The public universities in Kenya are historically funded by the Government which supports both undergraduate and postgraduate university education for Kenyans [23]. Due to the increasing demand for a university education, the Government alone is not in a position to fully finance university education [23]. In Kenya, the increased demand for university education and the inability to meet these demands has led to the introduction of a system of training self-sponsored medical students alongside Government-subsidised students [23].

The ratio of doctors to population is estimated at 17 per 100,000 [23]. Due to the decreasing number of trained doctors and their continuous migration, Kenya suffers a chronic shortage of doctors, particularly in the public sector [23]. Consequently, the bulk of healthcare services in Kenya is provided by para-medicals such as clinical officers (COs) [23]. Clinical officers (COs) are non-physician clinicians who have received less training, have a more restricted scope of practice than professionals, and are accredited by their countries’ licensing bodies [22].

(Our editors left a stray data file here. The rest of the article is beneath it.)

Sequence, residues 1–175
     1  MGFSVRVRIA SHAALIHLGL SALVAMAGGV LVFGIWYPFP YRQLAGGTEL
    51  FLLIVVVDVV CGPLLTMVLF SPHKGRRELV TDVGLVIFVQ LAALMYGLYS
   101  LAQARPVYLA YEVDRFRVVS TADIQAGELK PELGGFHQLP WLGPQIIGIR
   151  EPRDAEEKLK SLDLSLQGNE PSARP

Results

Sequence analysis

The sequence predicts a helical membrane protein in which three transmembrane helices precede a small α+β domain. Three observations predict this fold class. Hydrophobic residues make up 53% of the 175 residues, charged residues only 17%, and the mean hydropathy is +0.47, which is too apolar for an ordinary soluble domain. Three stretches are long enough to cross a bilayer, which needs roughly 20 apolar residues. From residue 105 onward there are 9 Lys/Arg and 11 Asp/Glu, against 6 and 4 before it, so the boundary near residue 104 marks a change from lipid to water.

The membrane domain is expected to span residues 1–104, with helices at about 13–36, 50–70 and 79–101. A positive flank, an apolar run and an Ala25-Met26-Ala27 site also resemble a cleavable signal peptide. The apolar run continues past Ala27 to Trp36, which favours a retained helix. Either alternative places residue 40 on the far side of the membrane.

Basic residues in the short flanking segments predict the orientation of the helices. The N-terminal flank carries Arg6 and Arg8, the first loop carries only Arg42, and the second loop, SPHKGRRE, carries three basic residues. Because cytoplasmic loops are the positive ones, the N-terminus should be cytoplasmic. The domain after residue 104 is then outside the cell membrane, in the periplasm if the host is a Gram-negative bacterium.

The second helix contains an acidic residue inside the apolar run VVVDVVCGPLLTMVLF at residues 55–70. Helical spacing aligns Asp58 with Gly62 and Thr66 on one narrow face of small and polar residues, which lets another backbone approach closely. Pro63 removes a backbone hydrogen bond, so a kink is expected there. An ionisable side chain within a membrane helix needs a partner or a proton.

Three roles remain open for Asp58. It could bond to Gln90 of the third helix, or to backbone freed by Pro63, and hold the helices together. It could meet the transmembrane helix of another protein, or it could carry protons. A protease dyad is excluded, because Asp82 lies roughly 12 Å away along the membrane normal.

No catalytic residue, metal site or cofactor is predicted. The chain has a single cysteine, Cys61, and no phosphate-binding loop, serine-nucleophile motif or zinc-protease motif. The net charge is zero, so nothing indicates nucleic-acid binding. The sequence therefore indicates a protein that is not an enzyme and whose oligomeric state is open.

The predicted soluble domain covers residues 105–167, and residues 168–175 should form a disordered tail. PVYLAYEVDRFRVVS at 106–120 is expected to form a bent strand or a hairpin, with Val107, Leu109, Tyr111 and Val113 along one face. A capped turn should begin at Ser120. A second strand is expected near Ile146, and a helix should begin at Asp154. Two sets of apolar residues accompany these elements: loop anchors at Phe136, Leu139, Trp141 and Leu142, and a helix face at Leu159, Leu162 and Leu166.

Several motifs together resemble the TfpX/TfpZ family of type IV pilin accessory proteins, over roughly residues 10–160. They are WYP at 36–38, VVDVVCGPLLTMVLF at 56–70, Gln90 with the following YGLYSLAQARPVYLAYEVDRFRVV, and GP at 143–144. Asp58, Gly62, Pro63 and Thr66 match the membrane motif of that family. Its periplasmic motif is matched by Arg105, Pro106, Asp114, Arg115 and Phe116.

The Kenya Medical Training College (KMTC) has a network of 71 campuses, strategically located across the country in 45 out of 47 counties [24]. It offers pre-service nursing/midwifery and clinical officer training across the country [24] in various health care disciplines [25].